Great Moments in Crime Fiction History
1494: The Exchequer Rolls document the first recorded sale of Scotch.
1839: Amid a laudanum-induced rampage through Baltimore, Edgar Allan Poe utters the nonse phrases “Dupineriffic” and “I smell genre.”
1864: A boarding school chum drops trow and moons Wilkie Collins with a perfectly English, alabaster bum.
1883: A highly attractive female client enters the Pinkerton offices in Wichita, Kansas. The detective on charge makes a note of it.
1919: H.L. Mencken, desperate for a Halloween outfit, settles for a black mask at Woolworth’s.
1922: An automobile ride through the Cotswolds awakes in Agatha Christie a latent desire to murder county folk, school marms and exotic visitors elaborately. She does so again and again, entire hamlets, fortunately only on the page.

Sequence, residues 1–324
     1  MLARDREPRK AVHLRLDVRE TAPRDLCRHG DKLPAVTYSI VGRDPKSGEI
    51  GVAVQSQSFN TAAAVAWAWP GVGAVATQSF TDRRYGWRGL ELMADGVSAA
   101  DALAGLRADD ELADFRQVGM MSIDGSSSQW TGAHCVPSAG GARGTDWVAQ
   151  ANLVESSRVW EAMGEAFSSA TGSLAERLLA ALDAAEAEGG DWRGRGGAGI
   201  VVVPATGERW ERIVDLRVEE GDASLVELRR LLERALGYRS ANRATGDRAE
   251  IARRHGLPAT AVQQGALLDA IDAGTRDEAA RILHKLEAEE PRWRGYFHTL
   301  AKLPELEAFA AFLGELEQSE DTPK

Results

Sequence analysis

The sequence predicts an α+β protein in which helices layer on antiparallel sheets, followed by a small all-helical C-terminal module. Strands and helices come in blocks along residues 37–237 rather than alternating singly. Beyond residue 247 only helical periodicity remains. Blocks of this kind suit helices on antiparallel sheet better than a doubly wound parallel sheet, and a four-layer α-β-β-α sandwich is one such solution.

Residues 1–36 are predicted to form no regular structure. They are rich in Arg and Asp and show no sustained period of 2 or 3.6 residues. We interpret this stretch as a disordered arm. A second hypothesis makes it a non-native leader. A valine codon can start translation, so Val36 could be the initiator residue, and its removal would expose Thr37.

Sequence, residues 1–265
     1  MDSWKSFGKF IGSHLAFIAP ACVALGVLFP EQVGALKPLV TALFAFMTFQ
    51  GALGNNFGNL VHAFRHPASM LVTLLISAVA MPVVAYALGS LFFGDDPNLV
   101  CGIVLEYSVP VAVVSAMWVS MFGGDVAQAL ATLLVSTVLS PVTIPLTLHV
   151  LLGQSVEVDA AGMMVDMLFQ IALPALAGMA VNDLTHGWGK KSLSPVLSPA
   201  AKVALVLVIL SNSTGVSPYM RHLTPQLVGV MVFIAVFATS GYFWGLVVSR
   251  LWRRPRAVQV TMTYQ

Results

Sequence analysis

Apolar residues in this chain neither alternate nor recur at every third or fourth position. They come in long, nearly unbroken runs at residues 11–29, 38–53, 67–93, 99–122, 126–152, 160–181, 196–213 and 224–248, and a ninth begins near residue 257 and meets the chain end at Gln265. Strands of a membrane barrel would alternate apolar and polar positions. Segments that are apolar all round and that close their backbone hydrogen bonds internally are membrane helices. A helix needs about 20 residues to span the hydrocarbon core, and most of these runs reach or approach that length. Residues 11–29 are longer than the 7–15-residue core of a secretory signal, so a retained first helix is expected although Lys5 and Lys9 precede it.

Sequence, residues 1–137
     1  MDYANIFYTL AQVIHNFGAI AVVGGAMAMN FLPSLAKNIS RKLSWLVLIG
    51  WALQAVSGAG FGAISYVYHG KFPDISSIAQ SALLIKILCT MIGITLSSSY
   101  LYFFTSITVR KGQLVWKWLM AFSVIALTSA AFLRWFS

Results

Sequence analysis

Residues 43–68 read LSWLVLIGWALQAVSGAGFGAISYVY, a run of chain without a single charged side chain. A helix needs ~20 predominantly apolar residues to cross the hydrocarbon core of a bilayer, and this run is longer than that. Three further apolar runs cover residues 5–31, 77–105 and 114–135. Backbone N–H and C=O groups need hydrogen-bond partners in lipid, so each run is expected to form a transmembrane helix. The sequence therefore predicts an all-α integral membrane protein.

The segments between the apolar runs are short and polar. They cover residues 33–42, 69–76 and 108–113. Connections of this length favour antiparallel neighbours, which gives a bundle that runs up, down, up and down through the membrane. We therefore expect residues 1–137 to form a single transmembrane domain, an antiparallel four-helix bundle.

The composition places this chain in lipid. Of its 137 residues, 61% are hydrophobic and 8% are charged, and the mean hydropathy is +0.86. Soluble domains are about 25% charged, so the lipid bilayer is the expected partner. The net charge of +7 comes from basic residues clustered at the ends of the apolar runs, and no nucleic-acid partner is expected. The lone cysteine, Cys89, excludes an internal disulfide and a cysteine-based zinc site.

1935: Raymond Chandler takes a really, really good look at Los Angeles.
1973: A buddy tells Robert B. Parker that the novel is great. “But,” he says, “it feels like it needs a black guy.”
1984: After years of turning them down, Thomas Harris tries fava beans.
2002: Stieg Larsson witnesses a painful tattoo removal.